More than 12,000 police officers have been suspended from duty in Turkey.
Officials say it is in connection with suspected links with the US-based cleric Fethullah Gulen and his network.
Ankara blames Gulen for masterminding a failed coup in July and wants the US to extradite him so he can face prosecution.
Gulen, who has lived in self-imposed exile in Pennsylvania since 1999, denies any involvement.
State of emergency
The suspensions come after the Interior Ministry launched an investigation into the police force.
Yesterday, Turkey’s state of emergency was extended for another three months.
Deputy Prime Minister and government spokesman Numan Kurtulmus told the reporters the extension will come into effect on October 19 when the current state of emergency expires.
Last week, Turkey’s President said Turkey would benefit from the extension.
Recep Tayyip Erdogan said more time was needed to hunt down those responsible for the July 15 failed coup.
He suggested the state of emergency could last more than a year.
Of the total number of police suspended across the country, 2,523 are police chiefs.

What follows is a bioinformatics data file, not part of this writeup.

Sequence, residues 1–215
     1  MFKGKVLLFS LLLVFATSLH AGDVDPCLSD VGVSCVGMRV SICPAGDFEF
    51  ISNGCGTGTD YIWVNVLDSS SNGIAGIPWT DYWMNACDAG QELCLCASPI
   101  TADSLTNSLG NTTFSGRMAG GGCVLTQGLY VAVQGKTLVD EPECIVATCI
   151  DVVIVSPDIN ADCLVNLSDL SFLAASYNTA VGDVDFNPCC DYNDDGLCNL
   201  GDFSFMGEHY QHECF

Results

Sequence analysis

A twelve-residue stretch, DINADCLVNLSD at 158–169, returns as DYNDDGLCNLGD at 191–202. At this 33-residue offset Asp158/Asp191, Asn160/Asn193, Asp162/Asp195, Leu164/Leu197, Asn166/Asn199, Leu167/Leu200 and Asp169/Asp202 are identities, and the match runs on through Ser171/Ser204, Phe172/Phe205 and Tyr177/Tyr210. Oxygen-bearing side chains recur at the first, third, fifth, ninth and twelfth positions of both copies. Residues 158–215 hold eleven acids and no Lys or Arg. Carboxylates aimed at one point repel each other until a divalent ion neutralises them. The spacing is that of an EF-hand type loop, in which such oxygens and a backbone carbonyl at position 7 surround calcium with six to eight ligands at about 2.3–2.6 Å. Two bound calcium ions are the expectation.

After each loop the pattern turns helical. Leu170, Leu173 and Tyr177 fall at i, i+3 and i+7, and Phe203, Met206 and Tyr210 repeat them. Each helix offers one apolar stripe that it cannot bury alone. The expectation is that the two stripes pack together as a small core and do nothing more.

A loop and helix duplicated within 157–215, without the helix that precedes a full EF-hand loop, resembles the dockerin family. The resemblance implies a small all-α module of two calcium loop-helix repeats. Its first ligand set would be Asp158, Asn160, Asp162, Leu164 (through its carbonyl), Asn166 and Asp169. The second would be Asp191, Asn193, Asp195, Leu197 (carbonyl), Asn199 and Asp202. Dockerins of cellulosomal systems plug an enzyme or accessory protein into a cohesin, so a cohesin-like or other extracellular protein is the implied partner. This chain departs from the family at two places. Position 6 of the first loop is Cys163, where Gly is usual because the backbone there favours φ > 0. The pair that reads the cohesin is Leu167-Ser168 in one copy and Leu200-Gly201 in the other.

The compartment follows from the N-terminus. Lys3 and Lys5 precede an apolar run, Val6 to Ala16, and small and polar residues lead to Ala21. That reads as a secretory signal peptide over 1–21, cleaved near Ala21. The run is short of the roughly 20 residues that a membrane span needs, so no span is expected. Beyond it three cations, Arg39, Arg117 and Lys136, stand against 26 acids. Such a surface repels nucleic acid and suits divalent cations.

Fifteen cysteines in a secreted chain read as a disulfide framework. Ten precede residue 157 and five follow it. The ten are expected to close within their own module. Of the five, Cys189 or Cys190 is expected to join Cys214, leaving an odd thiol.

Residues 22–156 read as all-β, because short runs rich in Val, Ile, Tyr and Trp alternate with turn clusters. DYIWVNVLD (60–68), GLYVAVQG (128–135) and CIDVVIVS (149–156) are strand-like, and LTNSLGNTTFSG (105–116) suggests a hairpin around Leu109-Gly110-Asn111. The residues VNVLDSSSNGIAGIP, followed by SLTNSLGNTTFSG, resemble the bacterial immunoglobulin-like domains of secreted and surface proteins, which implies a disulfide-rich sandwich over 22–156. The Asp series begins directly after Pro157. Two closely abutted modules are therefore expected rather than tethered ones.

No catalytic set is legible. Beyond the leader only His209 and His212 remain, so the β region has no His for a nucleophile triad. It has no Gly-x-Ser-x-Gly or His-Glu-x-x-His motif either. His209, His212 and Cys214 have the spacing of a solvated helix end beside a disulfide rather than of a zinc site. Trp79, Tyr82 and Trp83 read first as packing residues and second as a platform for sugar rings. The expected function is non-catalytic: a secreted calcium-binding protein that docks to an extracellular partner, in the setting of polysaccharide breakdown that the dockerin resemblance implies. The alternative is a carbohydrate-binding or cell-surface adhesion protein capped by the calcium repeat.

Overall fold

Turkey’s total police force numbers around 250,000.
Around 100,000 people have been suspended from the military, civil service, police and judiciary in the post-coup crackdown.
An estimated 32,000 have been arrested for their alleged role in the abortive putsch.
The crackdown has raised concerns among rights groups and Western allies.
The concern is Erdogan is using the failed coup as a pretext to curtail all dissent and intensify his actions against suspected sympathisers of Kurdish militants.
What they are saying
“France declared a state of emergency for six months following a minor event. And we were expecting for it to be extended by three months. I think it is pretty normal. It should not be the case, because freedoms are restricted,” 40-year-old restaurant worker Kayhan Direkoglu.